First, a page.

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Molecular genetics and metabolism

DNA methylome profiling using neonatal dried blood spot samples: a proof-of-principle study.


PMID 23422032

Abstract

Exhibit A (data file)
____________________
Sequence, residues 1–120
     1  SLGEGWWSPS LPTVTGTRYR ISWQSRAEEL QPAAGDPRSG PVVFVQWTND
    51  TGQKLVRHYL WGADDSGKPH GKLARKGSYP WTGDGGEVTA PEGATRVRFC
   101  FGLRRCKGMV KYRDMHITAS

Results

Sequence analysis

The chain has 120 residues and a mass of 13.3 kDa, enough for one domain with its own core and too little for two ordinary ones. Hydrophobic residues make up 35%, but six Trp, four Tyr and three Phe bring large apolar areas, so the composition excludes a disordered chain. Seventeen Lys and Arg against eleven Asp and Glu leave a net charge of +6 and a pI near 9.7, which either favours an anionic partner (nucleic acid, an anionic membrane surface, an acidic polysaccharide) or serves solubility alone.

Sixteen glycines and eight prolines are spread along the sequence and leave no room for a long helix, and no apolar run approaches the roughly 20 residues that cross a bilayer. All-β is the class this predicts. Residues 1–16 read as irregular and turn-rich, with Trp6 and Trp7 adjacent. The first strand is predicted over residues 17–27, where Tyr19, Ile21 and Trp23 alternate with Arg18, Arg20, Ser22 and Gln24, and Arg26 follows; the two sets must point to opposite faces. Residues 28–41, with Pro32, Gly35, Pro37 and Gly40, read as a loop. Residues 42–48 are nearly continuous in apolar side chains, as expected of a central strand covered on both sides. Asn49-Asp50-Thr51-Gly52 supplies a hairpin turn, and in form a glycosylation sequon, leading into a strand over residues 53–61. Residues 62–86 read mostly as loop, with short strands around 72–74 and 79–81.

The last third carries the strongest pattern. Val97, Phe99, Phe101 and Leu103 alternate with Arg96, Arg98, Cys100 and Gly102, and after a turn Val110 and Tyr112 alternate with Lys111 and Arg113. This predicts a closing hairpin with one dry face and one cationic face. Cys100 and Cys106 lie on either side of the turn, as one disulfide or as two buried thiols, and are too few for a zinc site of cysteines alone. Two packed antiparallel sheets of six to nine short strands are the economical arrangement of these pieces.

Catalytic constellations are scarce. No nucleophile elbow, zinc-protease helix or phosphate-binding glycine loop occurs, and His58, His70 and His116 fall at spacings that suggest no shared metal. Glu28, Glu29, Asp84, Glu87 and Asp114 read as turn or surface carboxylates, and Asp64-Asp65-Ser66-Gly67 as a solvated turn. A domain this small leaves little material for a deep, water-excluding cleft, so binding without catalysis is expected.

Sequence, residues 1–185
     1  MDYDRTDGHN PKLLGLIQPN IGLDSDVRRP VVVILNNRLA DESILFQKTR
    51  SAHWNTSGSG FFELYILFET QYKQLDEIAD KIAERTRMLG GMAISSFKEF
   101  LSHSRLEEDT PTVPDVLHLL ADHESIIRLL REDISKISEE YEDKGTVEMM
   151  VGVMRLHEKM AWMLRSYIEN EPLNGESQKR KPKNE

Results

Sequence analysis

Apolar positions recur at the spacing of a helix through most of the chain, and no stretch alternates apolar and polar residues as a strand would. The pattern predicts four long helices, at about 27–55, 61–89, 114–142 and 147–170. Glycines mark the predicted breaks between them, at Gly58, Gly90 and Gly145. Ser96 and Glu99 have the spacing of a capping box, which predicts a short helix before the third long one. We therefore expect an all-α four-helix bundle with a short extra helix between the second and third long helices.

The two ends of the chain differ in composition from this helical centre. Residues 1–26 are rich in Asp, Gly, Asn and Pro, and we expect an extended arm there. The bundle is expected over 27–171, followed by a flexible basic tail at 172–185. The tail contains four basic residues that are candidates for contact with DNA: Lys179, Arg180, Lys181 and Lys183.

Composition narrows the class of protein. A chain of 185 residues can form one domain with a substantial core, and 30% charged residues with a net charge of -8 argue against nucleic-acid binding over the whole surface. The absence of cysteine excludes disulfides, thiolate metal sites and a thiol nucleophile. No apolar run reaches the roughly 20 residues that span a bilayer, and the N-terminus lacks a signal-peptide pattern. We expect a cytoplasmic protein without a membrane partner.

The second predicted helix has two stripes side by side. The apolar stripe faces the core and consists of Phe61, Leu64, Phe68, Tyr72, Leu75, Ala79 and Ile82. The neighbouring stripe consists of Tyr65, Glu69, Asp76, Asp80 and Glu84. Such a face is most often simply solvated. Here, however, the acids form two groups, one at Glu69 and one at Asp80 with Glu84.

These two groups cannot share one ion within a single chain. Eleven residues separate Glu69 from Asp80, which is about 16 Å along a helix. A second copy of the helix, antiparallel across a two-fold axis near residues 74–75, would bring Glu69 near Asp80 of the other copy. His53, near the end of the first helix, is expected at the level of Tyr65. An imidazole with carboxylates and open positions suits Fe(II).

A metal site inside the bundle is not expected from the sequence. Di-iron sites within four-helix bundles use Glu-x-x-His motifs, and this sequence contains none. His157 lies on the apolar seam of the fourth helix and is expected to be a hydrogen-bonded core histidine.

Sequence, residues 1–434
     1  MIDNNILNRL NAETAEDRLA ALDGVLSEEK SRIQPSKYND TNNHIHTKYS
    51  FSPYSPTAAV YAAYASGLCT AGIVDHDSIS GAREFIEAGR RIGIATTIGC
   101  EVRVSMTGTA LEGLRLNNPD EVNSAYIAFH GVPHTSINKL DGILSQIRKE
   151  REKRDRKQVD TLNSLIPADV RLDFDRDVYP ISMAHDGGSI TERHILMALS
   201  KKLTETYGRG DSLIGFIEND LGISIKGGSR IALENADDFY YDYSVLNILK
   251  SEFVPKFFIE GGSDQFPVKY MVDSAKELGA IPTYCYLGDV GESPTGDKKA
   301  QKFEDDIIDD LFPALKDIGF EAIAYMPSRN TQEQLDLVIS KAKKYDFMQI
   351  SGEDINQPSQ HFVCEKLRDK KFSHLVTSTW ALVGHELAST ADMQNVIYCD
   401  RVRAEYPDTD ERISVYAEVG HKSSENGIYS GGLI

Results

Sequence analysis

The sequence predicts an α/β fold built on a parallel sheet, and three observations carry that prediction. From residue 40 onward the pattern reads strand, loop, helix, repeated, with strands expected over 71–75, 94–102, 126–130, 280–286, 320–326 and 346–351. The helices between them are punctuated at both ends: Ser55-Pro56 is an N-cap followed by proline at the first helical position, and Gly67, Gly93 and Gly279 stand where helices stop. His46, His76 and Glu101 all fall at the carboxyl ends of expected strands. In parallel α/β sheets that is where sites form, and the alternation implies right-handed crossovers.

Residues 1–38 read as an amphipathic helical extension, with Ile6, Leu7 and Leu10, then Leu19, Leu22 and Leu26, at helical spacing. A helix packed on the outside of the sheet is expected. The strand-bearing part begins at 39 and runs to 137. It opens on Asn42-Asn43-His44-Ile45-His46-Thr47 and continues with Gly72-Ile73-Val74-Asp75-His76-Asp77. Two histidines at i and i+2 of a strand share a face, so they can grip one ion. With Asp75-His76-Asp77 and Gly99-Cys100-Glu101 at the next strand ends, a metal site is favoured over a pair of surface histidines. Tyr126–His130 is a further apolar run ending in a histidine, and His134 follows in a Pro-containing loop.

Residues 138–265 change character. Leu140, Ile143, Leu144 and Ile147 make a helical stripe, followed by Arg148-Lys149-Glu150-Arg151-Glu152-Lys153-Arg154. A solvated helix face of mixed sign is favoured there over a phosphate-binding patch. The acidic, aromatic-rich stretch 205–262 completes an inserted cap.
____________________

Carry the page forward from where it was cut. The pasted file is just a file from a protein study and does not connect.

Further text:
DNA methylation is the most common DNA modification and perhaps the best described epigenetic modification. It is believed to be important for genomic imprinting and gene regulation and has been associated with the development of diseases such as schizophrenia and some types of cancer. Neonatal dried blood spot samples, commonly known as Guthrie cards, are routinely collected worldwide to screen newborns for diseases. Some countries, including Denmark, have been storing the excess neonatal dried blood spot samples in biobanks for decades. Representing a high percentage of the population under a certain age, the neonatal dried blood spot samples are a potential alternative to collecting new samples to study diseases. As such, neonatal dried blood spot samples have previously been used for DNA genotyping studies with excellent results. However, the amount of material available for research is often limited, challenging researchers to generate the most data from a limited quantity of material. In this proof-of-principle study, we address whether two 3.2mm disks punched from a neonatal dried blood spot sample contain enough DNA for genome-wide methylome profiling, measuring 27,578 loci at the same time. We selected two subjects and carried out the following with each: 1) collected an adult whole-blood sample as reference, 2) spotted a fraction of the whole-blood sample onto a similar type of filter paper as used in the newborn screening and stored it for 3years to serve as a dried blood spot reference, and 3) identified the archived neonatal dried blood spot samples, stored for 26-28years, in the Danish Newborn Screening Biobank as a representative of the archived samples. For comparison, we used two different kits for DNA extraction. The DNA, extracted using the Extract-N-Amp Blood PCR kit, was analyzed, and no statistically significant differences were observed (P<0.001) when we compared the methylation profile of the reference whole-blood samples to the dried blood spot references. This indicates that two 3.2mm disks contain enough material for reliable methylome profiling and that storing the whole-blood sample on neonatal dried blood spot filter paper for 3years does not interfere with the outcome of the analysis. Furthermore, we compared the adult DNA methylation profile to the neonatal dried blood spot sample profile. Approximately 50 sites in the subjects were significantly (P<0.001) different in the newborn sample compared with the adult sample. Both being healthy adults and the high quality of the DNA methylation array led to the conclusion that the archived neonatal dried blood spot samples can be used for methylome profiling, despite decades of storage and DNA degradation. In conclusion, we show that reliable methylome data can be obtained from old neonatal dried blood spot samples, by using a reasonable amount of the limited resource. This further adds to the use of neonatal dried blood spot samples in genetic research and screening and paves the way for unique population-based studies of epigenetic modifications after birth.